The Gwyneth Paltrow-Approved Doctor Pushing Wacky Coronavirus Conspiracies
Kelly Brogan, a Goop contributor and associate of Goop founder Gwyneth Paltrow, has been posting videos to her large online following claiming the coronavirus likely doesn’t exist.
Last week, Gwyneth Paltrow’s “modern lifestyle brand” Goop announced it was closing stores in the U.S. and U.K. to help curb the spread of the novel coronavirus currently sweeping the globe. Meanwhile, Paltrow’s psychiatrist-associate Kelly Brogan, a high-profile Goop contributor, has racked up tens of thousands of views on social media spreading discredited pseudoscientific claims that the coronavirus might not even exist, and that symptoms attributed to the virus are likely being caused by widespread fear.
The claims were made in a widely shared video posted on Facebook, Instagram (which is owned by Facebook), and Vimeo last week by Brogan, a New York State-licensed psychiatrist, New York Times bestselling author, AIDS denialist, anti-vaxxer, and, according to Goop, a “trusted expert” and recent contributor to its site and live events.
It’s just the latest stain on Paltrow’s already controversial brand, which in recent years has become synonymous with such questionable products as the Jade Egg, an egg-shaped gemstone that purportedly “harness[es] the power of energy work, crystal healing, and a Kegel-like physical practice” when inserted in the vagina.
In the video, which was originally shared with paid subscribers of Brogan’s “health reclamation” program, Vital Life Project, and has since been viewed over 75,000 times online, Brogan claimed that “there is potentially no such thing as the coronavirus” because “it’s not possible to prove that any given pathogen has induced death,” and that the rising death toll caused by the virus is “likely being accelerated by the fear [of the virus] itself.”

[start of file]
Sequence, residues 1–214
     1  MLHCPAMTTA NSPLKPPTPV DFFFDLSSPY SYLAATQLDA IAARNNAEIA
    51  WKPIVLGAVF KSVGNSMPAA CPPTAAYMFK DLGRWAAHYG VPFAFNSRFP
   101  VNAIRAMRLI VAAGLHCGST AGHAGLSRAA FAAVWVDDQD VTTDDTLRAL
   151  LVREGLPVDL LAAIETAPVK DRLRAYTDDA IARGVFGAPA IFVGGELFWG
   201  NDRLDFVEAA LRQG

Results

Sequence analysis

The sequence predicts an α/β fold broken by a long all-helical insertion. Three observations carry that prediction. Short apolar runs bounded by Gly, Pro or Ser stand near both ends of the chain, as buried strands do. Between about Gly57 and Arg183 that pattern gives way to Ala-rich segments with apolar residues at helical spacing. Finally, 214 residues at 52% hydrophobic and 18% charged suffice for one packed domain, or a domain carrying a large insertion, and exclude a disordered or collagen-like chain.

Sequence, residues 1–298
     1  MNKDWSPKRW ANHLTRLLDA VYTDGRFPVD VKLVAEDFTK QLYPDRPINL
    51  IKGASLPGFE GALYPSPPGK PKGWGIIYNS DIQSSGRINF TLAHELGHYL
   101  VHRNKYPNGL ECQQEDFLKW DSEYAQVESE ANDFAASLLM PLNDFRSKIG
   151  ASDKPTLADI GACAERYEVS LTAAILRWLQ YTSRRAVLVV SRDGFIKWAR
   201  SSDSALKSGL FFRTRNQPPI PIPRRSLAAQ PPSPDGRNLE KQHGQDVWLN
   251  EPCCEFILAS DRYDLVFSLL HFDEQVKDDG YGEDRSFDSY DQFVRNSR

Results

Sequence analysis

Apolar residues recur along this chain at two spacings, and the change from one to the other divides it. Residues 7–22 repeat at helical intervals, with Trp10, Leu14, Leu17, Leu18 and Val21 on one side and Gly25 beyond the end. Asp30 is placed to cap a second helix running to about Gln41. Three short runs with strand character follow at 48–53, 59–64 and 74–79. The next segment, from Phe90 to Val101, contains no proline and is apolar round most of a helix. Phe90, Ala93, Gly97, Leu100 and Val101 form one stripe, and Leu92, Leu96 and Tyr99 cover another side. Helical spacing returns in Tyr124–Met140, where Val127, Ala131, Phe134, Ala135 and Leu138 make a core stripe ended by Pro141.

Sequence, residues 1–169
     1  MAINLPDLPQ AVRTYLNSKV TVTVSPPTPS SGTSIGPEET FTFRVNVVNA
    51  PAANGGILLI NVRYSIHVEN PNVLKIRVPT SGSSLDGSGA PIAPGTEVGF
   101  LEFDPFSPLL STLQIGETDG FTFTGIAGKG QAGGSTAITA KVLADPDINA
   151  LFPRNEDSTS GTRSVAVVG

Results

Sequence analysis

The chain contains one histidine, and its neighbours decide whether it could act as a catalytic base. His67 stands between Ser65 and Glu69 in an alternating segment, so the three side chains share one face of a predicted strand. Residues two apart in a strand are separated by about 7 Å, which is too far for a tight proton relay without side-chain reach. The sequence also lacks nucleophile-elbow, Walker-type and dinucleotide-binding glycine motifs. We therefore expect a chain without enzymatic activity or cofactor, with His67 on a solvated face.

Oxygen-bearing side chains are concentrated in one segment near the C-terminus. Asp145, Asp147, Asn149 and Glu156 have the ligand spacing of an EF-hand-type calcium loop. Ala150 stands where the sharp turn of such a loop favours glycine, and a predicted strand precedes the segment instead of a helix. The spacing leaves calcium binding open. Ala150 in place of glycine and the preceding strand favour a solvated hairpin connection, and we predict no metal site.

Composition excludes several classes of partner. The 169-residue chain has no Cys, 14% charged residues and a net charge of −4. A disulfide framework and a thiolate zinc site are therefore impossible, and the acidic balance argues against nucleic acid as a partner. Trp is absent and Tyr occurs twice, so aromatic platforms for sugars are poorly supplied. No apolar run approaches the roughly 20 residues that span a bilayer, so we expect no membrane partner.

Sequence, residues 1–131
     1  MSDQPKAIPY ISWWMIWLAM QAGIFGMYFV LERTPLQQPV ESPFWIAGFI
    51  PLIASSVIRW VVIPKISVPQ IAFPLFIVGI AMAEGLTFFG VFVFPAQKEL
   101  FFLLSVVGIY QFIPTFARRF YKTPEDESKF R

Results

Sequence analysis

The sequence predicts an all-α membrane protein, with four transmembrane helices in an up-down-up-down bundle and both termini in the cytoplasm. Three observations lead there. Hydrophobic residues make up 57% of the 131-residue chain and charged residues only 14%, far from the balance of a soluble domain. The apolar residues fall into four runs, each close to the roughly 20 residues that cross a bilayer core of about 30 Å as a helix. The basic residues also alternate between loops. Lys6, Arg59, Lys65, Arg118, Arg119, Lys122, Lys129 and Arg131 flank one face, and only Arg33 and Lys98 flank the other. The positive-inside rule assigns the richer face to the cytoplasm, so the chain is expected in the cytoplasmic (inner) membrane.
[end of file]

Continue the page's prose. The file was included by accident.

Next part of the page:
She also professed that she doesn’t believe the widely accepted germ theory of disease, encouraged viewers to seek alternative theories, suggested that the news media is being controlled by an unnamed pro-vaccination group, and speculated that the U.S. government is planning “to link our passports with our vaccination records” and gain “totalitarian governmental control not unlike the divide-and-conquer dehumanization agendas that preceded the Holocaust.”
Facebook quickly removed the video after inquiries from The Daily Beast. “These videos violate our policies and have been removed from both Facebook and Instagram,” a spokesperson said.
Goop declined to comment, stating: “We would suggest reaching out to Dr. Brogan directly as she didn’t make those comments on goop’s platform.” (Vimeo—which is owned by The Daily Beast’s parent company—and Brogan did not return requests for comment.)
Brogan attributed her claims about the coronavirus to the pseudoscientific theories of the late Ryke Geerd Hamer, a ghoulish German doctor who in 1986 had his medical license permanently revoked in Germany after a number of patients in his care died. Hamer’s more recent victims include Susanne Rehklau, a 12-year-old girl who “suffered a painful death” after Hamer gave her the all-clear.